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The latest climate crisis is taking place in Texas, a state that consistently denies climate science in all its policies. Texas does not normally experience the level of frigid weather and icy storms it is seeing right now (Feb. 17) but for those who have been following the trajectory of the climate crisis, unheard of weather is completely predictable. There is a reason why we don’t use the term “global warming” as frequently as “climate crisis.” This is because, while carbon emissions that contribute to warming are an overall causal factor, the disaster is not linear, with specific crises unknown until they occur.

So, regardless of the fact that Texas is experiencing yet another climate crisis, the cynical and mendacious “leaders” in Texas took about 30 seconds to see what was happening — people freezing to death in their homes, dying of carbon monoxide poison in cars, the poor suffering life challenging situations — and decided to blame the Green New Deal. Yes, even though renewables comprise only about 10 percent of the Texas grid, even though the grid operator states that renewables are more than pulling their weight in power generation, and the problem is fossil fuel plants, especially gas, and nuclear reactors, whose controls froze, are the reason why people have no power. These power companies were “warned” by a deep freeze in 2011 to insulate their power plants, and even said they would do so, but despite making large profits, none of it went into cold-proofing the gas, nuclear and coal plants. And they have no reserves, as it is cheaper most times to buy straight from the source — except that the source is frozen.

Another feature of far-right rule is you never try to pull people together, to get out and work as a community to help each other, to create a resilience we will all need to survive more and deeper climate catastrophes. I would like to think that we in the environmental movement are always focused on ways we can pull together in a crisis — as we did in Tropical Storm Irene, as New Yorkers did with Tropical Storm Sandy, as we have tried to do during the COVID crisis, as we are doing now in the face of the unknown future.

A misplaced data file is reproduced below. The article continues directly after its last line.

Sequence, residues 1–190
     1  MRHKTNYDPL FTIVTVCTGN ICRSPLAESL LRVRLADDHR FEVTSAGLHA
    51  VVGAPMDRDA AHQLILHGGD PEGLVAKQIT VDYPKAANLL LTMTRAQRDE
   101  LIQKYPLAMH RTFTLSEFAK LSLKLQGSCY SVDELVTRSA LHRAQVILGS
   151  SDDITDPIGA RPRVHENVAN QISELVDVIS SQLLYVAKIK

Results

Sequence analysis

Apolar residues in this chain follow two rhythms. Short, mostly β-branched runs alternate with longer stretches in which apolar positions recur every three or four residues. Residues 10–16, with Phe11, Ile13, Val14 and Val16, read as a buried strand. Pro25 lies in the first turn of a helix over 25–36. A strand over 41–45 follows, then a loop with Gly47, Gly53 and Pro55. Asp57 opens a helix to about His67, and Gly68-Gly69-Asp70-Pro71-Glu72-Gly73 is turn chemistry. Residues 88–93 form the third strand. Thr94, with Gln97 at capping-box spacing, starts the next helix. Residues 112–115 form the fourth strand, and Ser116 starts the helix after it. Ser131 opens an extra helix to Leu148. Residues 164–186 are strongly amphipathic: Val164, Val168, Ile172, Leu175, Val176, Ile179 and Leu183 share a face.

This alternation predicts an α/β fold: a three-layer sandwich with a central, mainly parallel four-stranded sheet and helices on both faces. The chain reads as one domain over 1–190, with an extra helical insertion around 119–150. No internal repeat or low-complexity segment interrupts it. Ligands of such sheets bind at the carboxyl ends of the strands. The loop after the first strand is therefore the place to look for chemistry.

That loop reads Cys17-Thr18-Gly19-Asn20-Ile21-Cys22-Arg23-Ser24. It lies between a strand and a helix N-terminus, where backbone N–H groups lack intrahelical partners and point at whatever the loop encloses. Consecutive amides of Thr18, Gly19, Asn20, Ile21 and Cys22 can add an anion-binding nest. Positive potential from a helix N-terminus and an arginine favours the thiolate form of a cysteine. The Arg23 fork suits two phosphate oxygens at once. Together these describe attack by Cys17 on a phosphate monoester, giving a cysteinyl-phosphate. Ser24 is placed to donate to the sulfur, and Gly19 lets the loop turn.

Had the state leadership believed in science, they might have studied climate scientists’ predictions and built out more renewables, and understood that this was inevitable. We must speak up every time the right wing tries to blame current and future fires, droughts, power outages, ice storms, and other climate related messes on green energy. Wind and solar are ready to supplant the destructive 19th and 20th century power sources — they are cheaper, more reliable, and will allow our grandchildren to look forward to a future on earth. Don’t let anti-science politicians or industry magnates tell you otherwise.

Nancy Braus, of Putney, is on the leadership team of 350Brattleboro, a group that is “working to create a sustainable future through local activism.” The opinions expressed by columnists do not necessarily reflect the views of the Brattleboro Reformer.

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